Dream the Biggest Dream
Josh Heupel leads Oklahoma to an undefeated National Championship season.
By Greg Shepard
Published: Summer 2001
Last January at the Orange Bowl in Miami, Josh Heupel stood in a light rain with family and friends. He had just led the Oklahoma Sooners to a 13-2 championship victory over Florida State. Josh's family got to the Orange Bowl at noon and they didn't stop the celebration until 3:00 the next morning. Said Ken Heupel, Josh's father, “The game was great but the family memories will last forever. We will always cherish those moments.”
“It's a dream come true, a long time coming, and I wouldn't have rather done it anywhere but here,” said Josh. “It's great to have it come to a culmination and have all your dreams come true. There's nothing to describe it, to have one vision, one goal, to set it out before you and have it come to pass. It's just pure excitement, enjoyment, a little bit of relief, such a sense of accomplishment.” Josh Heupel dared to dream the biggest dream and left no stone unturned to make it happen.
Josh's father, the head football coach at Northern State University in South Dakota, marveled as he watched his son grow up. “Josh has always had a special feel. He had from the 5th grade in little league the ability to step up when it counted. His completion rate at Oklahoma was 63%, but what most people don't know that it is 87% in the 4th quarter. Josh always wants the ball, especially when it counts. He can bring eleven athletes together down the stretch.
“The championship game was incredible,” gushed Cindy Heupel, Josh's mother. “I wasn't nervous. I knew they weren't going to lose because Josh wouldn't let them.”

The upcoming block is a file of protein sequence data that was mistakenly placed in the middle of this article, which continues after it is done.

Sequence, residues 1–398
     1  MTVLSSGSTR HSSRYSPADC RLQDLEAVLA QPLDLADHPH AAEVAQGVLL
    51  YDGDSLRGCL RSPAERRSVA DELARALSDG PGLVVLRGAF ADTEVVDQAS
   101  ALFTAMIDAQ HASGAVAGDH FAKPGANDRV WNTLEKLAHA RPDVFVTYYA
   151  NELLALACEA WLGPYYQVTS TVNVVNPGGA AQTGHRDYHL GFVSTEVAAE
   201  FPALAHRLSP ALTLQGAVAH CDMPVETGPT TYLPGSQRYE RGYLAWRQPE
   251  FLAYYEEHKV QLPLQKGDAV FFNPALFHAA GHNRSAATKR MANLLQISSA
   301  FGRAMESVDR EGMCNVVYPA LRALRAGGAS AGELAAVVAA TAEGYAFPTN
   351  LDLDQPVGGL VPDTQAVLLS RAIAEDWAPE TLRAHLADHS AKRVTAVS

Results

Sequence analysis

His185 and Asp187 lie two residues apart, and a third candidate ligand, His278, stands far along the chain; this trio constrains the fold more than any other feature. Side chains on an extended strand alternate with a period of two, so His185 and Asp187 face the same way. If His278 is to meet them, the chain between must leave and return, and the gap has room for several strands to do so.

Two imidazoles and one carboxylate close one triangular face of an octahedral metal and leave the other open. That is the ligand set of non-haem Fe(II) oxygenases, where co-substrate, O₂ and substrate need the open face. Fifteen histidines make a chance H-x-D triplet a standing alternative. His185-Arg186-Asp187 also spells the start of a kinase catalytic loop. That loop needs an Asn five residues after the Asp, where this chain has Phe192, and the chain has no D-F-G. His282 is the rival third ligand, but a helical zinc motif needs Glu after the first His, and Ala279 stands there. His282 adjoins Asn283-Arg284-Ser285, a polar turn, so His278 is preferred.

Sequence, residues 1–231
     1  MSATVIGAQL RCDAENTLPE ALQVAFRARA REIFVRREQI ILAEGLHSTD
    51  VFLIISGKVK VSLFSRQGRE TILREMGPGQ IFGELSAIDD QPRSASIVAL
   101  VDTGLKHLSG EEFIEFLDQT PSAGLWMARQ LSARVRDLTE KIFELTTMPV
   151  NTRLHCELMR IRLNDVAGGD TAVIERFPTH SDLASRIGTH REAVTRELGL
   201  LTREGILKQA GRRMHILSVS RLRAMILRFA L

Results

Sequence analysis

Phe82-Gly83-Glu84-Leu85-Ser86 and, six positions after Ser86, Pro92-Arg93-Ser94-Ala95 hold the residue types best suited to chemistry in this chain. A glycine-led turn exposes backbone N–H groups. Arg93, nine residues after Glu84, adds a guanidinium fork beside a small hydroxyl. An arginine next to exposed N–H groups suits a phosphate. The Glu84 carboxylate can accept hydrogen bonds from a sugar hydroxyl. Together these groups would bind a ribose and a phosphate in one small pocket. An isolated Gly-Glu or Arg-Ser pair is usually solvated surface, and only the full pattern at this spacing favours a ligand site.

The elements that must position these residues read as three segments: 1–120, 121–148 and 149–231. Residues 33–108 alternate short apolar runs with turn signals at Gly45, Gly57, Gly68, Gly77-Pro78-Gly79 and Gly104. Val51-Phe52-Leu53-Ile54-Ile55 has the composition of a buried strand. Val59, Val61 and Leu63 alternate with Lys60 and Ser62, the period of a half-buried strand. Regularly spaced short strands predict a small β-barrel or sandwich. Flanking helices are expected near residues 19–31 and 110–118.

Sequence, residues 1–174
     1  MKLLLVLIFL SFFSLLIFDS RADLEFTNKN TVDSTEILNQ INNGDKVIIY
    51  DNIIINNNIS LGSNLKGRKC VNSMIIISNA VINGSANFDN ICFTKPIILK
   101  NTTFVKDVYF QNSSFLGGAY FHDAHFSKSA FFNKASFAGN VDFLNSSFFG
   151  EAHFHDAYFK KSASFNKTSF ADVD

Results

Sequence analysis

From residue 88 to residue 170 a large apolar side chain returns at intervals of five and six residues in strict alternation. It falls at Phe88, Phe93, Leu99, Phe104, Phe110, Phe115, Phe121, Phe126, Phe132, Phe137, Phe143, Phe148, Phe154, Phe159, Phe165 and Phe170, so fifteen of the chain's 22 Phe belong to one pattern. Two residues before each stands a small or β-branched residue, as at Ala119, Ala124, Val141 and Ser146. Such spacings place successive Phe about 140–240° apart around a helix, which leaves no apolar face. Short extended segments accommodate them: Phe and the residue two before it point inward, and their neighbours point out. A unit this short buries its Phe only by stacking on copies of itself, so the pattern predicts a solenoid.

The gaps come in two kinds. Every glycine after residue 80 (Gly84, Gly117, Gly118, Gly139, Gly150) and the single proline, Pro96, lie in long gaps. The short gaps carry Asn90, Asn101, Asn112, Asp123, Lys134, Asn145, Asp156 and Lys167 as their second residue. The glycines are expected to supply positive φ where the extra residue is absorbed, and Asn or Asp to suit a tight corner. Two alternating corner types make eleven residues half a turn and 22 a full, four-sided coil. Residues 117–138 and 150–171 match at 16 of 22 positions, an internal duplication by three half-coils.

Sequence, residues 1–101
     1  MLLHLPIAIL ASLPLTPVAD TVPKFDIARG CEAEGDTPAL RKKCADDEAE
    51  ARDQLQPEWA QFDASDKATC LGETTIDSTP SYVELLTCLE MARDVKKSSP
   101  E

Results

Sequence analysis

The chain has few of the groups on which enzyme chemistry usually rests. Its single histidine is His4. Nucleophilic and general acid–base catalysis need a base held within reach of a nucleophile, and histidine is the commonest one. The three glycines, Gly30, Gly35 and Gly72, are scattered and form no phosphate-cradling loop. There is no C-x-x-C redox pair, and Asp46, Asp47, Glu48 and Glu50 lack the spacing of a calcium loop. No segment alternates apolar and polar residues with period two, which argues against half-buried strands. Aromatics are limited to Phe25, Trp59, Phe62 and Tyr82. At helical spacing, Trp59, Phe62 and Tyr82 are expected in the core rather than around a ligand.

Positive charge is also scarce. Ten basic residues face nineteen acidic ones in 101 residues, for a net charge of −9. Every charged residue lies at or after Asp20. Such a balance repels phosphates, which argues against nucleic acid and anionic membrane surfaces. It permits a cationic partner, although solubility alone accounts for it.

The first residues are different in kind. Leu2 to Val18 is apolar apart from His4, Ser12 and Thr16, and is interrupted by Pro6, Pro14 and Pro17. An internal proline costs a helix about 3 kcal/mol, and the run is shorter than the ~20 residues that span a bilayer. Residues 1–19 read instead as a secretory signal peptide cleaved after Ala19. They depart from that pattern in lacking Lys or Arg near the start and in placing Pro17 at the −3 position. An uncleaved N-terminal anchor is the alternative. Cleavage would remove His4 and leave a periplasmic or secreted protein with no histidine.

Before the big game in Miami, Ken Heupel said, “Everybody says this is the biggest game of Josh's life and that he has never been in a championship game, and that is false. He has played millions of championship games. There were always a lot of pretend guys around, and he always threw for the winning touchdown. It was pretend play. Most kids do it with a toy. Josh did with athletics.”
Cindy Heupel, who is a high school principal, continued, “When we had family get-togethers, Josh would go back to the bedroom and that was the visiting team's locker room. He would dress up, give introductions, do warm-ups and be the coach. Then he'd be the quarterback and reenact a game, both as a coach and quarterback. He did that from the time he was a tiny boy.”
The beginning of Josh's vision of greatness began at the tender age of four when he asked Santa for some lockers. Josh had accumulated over 100 balls of all shapes and sizes. He logically thought that he needed a place to put them. The lockers were not easy to find. Josh said, “Don't worry Mom. Santa's elves can make anything. They can do it.”
“I found an old junk dealer,” said Cindy. “It took two months to find them.” The offer came none to soon. Three days before Christmas an old cluster of three old lockers were found. The rusted prize was hers for five dollars. Cindy scraped and sanded while the rest of the family slept. She painted them Minnesota Viking purple and gold, which was Josh's favorite team. His two favorite players were Kramer and Rashad. Cindy painted Kramer's name on the left and Rashad's on the right. Heupel's name was in the middle.
With great insight, Cindy sagely revealed, “I realized for a long time how important this was for the vision of his future. Both our children are our most precious gifts. We have truly been blessed.” Josh kept these lockers until his 9th grade year. Those lockers represented what Josh wanted to do. Said Josh about the lockers, “I was a football fan.”